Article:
From the data we see that the South is the region with the highest inclusion of air conditioning in homes, both new and old. By 1975, over 70% of homes had air conditioning present in the Southern region of the country, and from 2004 until present day, air conditioning has been installed in 99-100% of homes. This is understandable considering the climate in the South is often hot, sunny, and humid. The introduction and growth of air conditioning in this region has even helped grow the economy as businesses that once had to close during summer months can now remain open year-round.

In stark contrast to the South, the Northeast had only 13% of homes with air conditioning in 1975 and still falling shy of the 90% mark in the present day (the last census indicates an 89% AC rate). Unlike the South, where the climate dictates the need for AC, the climate in the Northeast region is a bit more temperate. Each year, the Northeast region experiences cold winters and comfortable springs and autumns. Summers can be hot, but not nearly as hot as those in the South. July is the hottest month with the average temperature at 69 degrees Fahrenheit. Of course, there are some hotter days interspersed where temperatures, especially in the southern part of the region, can reach into the 90s, but in general, these heat waves do not last long and cooler, more comfortable conditions often return.

In 1975 the West and Midwest had rates 29% and 35% respectively. By 2003, the Midwest had surpassed the 90% mark (with 92%) and is currently holding at 97%; however, the West lags behind at only 86% per the latest census. Landlocked or desert-climate communities may not fare as well and require air conditioning to survive. Due to the vast geographic differences across the West, it may be that some areas simply don’t need or want air conditioning, thus keeping the rate lower than other areas of the country.

Pros and Cons of AC For Homeowners

Feeling Comfortable

No matter where in the country you reside, encountering a hot and humid day is uncomfortable. Being able to retreat to an air conditioned home in order to relax and take a breath of fresh, dehumidified air is certainly a major plus point of having AC.

Energy Efficiency

Being energy efficient is accomplished by determining which system meets your cooling needs while using the lowest amount of energy possible. For example, if you spend most of the day out of the home and only need air conditioning at night while sleeping, a window unit may be the most energy efficient option. Depending on the room size and recommended British Thermal Units (BTUs), a window AC unit costs approximately $60 to $700. If however; you want to cool your entire home, a central (if you have ducts) or a mini-split (if there are no ducts available) air conditioning system would be the best choice. Whichever system you opt for, be sure to look for an ENERGY STAR certification as that will help you save energy and money each year.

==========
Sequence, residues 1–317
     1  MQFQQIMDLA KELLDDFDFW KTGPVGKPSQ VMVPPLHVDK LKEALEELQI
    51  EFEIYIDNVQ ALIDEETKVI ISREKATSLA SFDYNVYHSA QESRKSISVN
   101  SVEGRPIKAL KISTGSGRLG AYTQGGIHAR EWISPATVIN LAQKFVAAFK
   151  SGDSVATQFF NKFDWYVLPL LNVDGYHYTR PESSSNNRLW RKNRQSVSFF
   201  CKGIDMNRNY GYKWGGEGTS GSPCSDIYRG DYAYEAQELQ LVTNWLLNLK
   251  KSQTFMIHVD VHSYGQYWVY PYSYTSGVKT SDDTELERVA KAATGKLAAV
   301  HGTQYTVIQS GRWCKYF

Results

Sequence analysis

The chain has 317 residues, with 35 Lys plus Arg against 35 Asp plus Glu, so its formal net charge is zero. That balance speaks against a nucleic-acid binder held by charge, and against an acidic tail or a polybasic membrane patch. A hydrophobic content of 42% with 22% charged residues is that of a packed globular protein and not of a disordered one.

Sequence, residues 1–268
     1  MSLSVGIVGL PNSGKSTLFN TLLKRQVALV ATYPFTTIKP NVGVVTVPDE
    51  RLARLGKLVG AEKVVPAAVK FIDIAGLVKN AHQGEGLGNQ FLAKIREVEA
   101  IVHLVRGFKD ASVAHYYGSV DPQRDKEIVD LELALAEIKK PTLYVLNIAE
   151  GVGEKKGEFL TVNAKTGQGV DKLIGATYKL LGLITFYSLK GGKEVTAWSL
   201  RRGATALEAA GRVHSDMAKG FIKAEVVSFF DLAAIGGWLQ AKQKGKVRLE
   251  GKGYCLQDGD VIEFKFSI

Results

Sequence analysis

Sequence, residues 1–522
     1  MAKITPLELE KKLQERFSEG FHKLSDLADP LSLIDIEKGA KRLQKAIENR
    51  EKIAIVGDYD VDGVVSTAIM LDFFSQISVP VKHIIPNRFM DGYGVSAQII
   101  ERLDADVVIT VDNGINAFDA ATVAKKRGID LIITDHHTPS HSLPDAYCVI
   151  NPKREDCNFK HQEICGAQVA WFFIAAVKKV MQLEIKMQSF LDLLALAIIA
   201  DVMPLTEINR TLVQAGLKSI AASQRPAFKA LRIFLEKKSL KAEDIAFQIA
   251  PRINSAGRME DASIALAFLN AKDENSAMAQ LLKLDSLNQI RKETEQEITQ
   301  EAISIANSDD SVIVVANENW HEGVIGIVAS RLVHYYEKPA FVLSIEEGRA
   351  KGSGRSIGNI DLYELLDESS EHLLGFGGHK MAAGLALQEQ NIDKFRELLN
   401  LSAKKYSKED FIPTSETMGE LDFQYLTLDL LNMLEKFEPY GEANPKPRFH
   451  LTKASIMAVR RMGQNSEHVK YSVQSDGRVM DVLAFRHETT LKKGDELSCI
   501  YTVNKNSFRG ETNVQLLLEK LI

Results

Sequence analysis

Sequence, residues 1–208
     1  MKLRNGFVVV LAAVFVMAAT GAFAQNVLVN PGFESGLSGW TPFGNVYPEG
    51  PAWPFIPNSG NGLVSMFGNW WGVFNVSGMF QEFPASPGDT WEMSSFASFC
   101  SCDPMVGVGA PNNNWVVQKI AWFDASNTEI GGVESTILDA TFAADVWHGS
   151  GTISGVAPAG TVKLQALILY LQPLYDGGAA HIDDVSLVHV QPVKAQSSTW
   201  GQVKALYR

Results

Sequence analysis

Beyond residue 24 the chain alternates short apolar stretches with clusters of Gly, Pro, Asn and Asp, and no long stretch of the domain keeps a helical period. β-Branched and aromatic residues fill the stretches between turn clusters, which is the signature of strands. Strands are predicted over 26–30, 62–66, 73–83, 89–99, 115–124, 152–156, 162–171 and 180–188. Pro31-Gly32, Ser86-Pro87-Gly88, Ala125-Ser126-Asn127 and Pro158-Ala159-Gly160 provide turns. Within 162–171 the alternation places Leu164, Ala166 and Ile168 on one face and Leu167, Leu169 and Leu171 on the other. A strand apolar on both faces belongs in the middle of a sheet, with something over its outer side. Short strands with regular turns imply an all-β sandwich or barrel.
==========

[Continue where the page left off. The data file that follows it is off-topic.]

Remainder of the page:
Maintenance Costs

Annual maintenance for air conditioners usually range between $100 and $150 and include an inspection, cleaning, and a tune-up. Forgoing these annual check-ups can be costly. Neglecting key issues when they first appear which are easy to fix leads to higher bills when it comes time for an emergency repair call. Additionally, if external units and internal filters aren’t cleaned and replaced regularly, they can lead to the growth of mold, which can exacerbate allergies and can actually create an indoor air environment that is more contaminated than if you hadn’t used the air conditioner at all.

Environmental Effects

Residential air conditioning use is not exactly environmentally friendly. With so many homes now having AC installed, it results in roughly 100 million tons of carbon dioxide being released into the atmosphere each year. These effects can be lessened by using air conditioning only when truly necessary versus out of habit all season long, setting a higher temperature to be cool enough to maintain comfort but not so cold to require layering up indoors, and opting for up to date units that have newer technology and ENERGY STAR ratings. A well insulated home will also mean the cool air generated won’t escape as easily, resulting in needing the AC system less.

The Evolution of AC in Homes Across the Nation

Air conditioning as we know it today was a happy side effect of the effort to establish humidity control in commercial industries. At first, only the wealthy could afford to air condition their homes due to the sheer size and exorbitant costs; however, as time passed, air conditioning eventually became available to almost everyone. Different regions of the US increased their use of air conditioning at different rates, and in regions such as the South, where growth was fast and steady, new opportunities became available in terms of building design and choosing where to live and work.